What You Say

First off, law enforcement officers and the court consider what you say. It is within your rights to not speak and incriminate yourself. You must hire a criminal defense attorney to help you think about your statements before making them. You never want to talk about what you use an object for in regards to a controlled substance.

If you sign away your Miranda rights and try to tell your side of the story to law enforcement, they can use anything you say against you in a court of law. Police officers train in the art of making conversation that will spur you to talk and admit guilt. Don’t fall for it.

However, if an officer asks if you have sharp objects and you admit to having a needle, this is a different situation. You cannot face drug or drug paraphernalia charges for possession as long as there is only drug residue on a sharp object you admit to before a search.

Prior Convictions 

The prosecutor will consider whether you have prior convictions when looking at your charges. The prosecutor is more likely to reduce or drop charges for a first-time offender. However, the more charges you have related to controlled substances, the more likely you will face a judge and active punishment in jail.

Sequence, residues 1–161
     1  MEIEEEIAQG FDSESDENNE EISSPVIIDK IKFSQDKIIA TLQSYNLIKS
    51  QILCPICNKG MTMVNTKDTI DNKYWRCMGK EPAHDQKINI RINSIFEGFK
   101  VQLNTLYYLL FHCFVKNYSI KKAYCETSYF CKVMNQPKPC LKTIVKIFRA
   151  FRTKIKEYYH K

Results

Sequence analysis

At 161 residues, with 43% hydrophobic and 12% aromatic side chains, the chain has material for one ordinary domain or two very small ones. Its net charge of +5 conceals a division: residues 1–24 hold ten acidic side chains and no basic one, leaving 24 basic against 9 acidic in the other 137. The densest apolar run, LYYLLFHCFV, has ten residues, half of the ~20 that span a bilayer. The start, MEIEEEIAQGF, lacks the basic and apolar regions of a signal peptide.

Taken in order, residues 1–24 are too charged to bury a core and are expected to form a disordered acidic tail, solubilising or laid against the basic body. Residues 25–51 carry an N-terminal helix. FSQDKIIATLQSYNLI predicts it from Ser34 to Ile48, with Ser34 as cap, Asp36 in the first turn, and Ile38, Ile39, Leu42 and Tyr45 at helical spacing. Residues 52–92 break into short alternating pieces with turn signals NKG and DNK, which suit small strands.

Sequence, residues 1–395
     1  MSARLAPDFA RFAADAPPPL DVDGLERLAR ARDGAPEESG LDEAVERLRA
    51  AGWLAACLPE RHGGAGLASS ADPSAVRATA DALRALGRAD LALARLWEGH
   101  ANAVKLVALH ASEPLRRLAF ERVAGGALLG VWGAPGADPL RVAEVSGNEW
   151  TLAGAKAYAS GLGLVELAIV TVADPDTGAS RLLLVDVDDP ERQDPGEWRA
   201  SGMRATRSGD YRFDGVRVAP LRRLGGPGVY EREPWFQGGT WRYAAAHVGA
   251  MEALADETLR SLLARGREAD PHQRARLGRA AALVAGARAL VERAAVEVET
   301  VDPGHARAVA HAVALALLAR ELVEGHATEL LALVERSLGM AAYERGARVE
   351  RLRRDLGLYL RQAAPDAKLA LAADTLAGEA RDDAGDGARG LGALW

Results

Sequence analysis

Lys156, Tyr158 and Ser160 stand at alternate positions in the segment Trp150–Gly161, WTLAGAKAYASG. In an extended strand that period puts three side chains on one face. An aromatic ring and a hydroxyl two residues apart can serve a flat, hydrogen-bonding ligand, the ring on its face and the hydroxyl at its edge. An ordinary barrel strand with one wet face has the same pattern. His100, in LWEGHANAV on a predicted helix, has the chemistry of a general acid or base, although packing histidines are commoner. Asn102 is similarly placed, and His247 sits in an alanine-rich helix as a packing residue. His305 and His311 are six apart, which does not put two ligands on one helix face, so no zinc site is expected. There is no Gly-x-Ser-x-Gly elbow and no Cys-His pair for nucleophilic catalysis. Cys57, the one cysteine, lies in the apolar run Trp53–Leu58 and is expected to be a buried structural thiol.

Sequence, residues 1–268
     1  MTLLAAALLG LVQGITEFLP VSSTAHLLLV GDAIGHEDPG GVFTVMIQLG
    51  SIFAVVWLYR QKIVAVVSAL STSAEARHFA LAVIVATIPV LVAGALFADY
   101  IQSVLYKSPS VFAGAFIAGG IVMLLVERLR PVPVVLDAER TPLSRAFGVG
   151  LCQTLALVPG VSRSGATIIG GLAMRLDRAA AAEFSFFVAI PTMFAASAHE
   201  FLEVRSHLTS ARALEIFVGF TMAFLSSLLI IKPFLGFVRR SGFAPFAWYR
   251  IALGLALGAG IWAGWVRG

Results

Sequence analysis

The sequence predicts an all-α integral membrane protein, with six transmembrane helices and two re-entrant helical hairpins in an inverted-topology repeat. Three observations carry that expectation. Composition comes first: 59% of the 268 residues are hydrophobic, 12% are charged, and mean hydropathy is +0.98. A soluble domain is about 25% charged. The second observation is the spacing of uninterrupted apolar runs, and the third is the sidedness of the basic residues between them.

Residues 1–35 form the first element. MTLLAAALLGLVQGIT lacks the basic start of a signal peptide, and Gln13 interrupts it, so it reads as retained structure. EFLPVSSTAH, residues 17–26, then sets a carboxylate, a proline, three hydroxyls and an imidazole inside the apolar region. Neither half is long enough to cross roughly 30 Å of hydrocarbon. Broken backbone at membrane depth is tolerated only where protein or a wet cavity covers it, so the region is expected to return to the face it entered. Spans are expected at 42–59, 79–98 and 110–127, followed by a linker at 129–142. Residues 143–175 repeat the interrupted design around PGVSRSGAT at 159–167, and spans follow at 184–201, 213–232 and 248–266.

Controlled Substance Use

Law enforcement takes it very seriously if you have drug paraphernalia sitting on a table beside controlled substances. It matters how close paraphernalia is to the controlled substance. It also matters if there is any residue on your objects. Law enforcement also looks at other drug paraphernalia and considers how the entire scene fits together. 

Selling Paraphernalia